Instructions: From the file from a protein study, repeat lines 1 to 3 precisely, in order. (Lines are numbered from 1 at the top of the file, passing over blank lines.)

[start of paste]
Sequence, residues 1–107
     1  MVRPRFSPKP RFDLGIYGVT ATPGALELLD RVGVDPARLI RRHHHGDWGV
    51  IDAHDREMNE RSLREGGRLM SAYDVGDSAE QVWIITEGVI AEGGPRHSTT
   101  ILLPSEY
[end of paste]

Sequence, residues 1–107
     1  MVRPRFSPKP RFDLGIYGVT ATPGALELLD RVGVDPARLI RRHHHGDWGV
    51  IDAHDREMNE RSLREGGRLM SAYDVGDSAE QVWIITEGVI AEGGPRHSTT